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Adaptive Insights held its annual user group meeting recently. A theme sounded in several keynote sessions was the importance of finance departments playing a more strategic role in their companies. Some participating customers described how they have evolved their planning process from being designed mainly to meet the needs of the finance department into a useful tool for managing the entire business. Their path took them from doing basic financial budgeting to planning focused on improving the company’s performance. This is one of the more important ways in which finance organizations can play a more strategic role in corporate management, an objective that more finance organizations are pursuing. Half of the companies participating in our Office of Finance benchmark research said that their finance organization has undertaken initiatives to enhance its strategic value to the company within the last 18 months.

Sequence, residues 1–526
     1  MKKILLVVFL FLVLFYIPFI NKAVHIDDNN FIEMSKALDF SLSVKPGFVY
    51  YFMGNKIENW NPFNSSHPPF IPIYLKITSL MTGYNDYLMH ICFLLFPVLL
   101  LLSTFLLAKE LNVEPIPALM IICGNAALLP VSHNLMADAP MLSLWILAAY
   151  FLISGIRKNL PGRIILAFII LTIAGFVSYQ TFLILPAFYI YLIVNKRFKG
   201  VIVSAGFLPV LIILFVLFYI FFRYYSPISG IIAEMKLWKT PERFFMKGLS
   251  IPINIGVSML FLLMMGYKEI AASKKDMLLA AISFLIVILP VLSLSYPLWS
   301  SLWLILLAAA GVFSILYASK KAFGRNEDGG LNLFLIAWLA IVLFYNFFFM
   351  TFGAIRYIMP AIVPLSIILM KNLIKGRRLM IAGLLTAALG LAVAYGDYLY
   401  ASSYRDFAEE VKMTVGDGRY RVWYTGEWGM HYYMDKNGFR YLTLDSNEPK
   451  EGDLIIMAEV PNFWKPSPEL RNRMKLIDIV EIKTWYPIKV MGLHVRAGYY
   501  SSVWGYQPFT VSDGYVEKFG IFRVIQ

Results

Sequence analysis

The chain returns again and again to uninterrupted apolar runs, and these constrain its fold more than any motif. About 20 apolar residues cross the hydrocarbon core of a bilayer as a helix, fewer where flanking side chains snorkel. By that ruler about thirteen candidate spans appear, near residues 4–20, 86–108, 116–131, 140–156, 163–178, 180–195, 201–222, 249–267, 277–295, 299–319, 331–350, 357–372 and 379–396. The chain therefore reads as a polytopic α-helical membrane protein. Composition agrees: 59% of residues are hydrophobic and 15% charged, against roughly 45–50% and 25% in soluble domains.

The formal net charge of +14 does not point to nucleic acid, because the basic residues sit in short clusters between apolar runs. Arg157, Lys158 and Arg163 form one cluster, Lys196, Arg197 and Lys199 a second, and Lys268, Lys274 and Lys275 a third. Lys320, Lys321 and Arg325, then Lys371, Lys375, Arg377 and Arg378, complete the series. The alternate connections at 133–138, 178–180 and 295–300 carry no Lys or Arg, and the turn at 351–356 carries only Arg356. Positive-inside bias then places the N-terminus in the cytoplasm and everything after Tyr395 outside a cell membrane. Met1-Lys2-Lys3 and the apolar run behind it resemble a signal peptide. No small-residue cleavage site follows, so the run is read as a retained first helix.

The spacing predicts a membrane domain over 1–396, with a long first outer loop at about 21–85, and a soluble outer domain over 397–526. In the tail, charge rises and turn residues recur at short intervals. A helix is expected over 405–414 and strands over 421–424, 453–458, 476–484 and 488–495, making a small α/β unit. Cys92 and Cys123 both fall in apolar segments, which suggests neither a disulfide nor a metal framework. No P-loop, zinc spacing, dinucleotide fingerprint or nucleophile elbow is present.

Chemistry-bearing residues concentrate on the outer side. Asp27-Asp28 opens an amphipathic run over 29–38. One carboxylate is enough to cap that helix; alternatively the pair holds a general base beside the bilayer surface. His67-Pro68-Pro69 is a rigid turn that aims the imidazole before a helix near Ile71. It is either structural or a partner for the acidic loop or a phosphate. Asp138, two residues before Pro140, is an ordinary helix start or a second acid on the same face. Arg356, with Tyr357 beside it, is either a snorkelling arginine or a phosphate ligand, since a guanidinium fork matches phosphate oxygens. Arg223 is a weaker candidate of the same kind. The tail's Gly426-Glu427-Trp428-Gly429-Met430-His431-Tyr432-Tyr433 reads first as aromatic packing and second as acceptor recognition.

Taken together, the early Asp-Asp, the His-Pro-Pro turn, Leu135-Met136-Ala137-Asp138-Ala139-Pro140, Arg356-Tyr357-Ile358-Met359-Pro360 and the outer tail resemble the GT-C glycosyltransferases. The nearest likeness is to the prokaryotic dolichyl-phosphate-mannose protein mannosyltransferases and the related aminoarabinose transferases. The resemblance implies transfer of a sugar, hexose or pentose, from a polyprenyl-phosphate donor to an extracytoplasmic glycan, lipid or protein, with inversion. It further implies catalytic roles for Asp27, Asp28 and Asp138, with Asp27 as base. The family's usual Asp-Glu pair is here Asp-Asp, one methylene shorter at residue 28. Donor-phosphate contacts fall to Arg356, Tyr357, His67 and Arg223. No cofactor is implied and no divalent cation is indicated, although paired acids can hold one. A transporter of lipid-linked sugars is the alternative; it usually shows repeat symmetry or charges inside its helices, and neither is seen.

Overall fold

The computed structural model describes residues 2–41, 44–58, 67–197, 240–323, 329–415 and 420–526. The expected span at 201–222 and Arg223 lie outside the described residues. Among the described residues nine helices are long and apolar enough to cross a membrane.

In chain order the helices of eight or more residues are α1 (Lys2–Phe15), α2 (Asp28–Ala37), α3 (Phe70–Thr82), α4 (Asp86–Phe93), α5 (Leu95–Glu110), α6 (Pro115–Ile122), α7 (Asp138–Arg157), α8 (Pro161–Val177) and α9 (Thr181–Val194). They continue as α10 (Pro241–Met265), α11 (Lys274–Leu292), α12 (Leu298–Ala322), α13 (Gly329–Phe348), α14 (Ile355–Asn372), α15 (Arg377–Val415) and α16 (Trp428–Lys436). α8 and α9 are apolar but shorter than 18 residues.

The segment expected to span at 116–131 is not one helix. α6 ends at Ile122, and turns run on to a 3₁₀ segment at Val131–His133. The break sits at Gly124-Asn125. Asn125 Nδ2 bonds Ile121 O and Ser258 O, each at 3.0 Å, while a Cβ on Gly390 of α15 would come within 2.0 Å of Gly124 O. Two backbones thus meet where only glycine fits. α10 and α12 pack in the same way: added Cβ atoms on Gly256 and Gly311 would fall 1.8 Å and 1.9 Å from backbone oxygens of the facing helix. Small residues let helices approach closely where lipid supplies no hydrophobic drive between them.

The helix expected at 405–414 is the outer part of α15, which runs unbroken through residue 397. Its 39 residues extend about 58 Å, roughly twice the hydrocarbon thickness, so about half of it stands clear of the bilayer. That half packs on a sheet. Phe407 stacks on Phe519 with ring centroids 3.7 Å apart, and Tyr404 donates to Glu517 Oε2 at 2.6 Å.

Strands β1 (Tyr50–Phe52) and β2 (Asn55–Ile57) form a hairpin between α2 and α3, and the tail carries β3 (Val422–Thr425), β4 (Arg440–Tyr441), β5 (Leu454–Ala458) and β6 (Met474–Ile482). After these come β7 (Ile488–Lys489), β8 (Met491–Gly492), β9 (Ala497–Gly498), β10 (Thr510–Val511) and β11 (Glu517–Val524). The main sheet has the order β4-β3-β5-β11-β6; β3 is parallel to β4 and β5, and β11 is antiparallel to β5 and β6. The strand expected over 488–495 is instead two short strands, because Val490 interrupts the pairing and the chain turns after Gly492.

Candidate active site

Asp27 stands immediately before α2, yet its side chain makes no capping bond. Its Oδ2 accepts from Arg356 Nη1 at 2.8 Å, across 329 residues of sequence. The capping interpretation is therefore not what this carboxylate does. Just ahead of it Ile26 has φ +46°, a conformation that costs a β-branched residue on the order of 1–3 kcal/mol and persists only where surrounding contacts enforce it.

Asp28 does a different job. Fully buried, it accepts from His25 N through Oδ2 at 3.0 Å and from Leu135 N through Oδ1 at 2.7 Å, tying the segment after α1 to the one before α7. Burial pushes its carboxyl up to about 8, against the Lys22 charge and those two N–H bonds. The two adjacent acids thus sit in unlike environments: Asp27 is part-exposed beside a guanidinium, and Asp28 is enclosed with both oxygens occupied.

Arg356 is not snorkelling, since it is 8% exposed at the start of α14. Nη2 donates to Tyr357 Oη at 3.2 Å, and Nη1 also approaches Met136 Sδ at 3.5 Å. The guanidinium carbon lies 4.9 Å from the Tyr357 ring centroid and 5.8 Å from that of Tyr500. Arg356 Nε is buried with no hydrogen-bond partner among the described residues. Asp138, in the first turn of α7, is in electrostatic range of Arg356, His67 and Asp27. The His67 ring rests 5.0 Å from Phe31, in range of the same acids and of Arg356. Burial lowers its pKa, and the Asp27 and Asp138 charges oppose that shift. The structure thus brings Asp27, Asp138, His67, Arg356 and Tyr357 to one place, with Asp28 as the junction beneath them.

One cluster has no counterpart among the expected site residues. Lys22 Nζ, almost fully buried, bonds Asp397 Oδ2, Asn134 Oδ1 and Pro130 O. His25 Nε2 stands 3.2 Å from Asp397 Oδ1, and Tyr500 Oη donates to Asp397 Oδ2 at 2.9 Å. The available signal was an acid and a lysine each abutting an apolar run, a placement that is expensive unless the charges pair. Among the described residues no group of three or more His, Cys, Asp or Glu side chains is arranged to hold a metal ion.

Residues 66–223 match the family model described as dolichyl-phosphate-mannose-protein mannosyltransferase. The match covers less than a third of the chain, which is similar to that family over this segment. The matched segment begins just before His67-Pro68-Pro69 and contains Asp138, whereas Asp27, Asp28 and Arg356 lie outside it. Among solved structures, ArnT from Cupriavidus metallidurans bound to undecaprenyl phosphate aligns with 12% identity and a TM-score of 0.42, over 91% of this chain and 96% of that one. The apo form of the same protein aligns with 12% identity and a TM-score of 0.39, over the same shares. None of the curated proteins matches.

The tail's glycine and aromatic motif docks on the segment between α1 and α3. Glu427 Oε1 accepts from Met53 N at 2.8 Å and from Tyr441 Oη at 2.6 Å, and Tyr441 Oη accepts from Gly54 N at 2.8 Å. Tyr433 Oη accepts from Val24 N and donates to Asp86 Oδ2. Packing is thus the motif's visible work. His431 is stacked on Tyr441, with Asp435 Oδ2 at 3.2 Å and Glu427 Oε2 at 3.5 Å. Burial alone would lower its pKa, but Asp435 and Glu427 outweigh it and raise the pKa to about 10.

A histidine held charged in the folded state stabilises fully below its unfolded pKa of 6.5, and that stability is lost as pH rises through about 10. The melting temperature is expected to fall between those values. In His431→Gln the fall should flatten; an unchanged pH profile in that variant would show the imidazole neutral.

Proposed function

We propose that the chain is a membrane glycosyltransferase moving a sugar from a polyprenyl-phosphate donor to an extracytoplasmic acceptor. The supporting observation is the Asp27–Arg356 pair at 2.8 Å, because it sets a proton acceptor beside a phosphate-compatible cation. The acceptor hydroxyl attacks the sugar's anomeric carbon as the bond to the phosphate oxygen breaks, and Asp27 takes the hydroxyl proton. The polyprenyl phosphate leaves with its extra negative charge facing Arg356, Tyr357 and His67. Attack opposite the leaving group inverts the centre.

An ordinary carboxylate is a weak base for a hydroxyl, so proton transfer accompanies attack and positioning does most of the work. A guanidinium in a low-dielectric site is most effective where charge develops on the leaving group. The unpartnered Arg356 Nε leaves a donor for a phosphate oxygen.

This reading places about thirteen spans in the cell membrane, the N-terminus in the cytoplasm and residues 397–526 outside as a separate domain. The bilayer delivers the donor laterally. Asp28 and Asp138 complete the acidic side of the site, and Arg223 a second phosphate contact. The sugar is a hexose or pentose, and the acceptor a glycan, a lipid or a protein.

We believe that presenting its software as an aid to make the planning process more strategically valuable is a product strategy that is essential for the long-term success of planning software vendors. It was a theme in Adaptive Insights’ recent release of its Adaptive Suite and revenue planning software.
Companies do many kinds of planning, not just budgeting. They plan sales, they determine what and how they will produce products or deliver services. They plan the head count they’ll need and how to organize distribution and the supply chain. They also produce a budget, which itself is a financial plan. The planning process involves discussions about objectives and the resources and tactics that people need to achieve them. Our benchmark research finds that dedicated applications are more effective tools for planning than are desktop spreadsheets (which nevertheless are still the most widely used technology for planning). For example, dedicated planning software is more able to get to underlying causes behind variances immediately during a performance review meeting. Users can apply the information that’s in the application when reviewing results and adjusting goals and objectives to reflect changes that have taken place in the business. The research shows that organizations that use dedicated software more often can get to the underlying details of the difference between plans and actual results and therefore are more able to make fast decisions about what to do next. Spreadsheets are inherently less capable of drilling down into underlying details.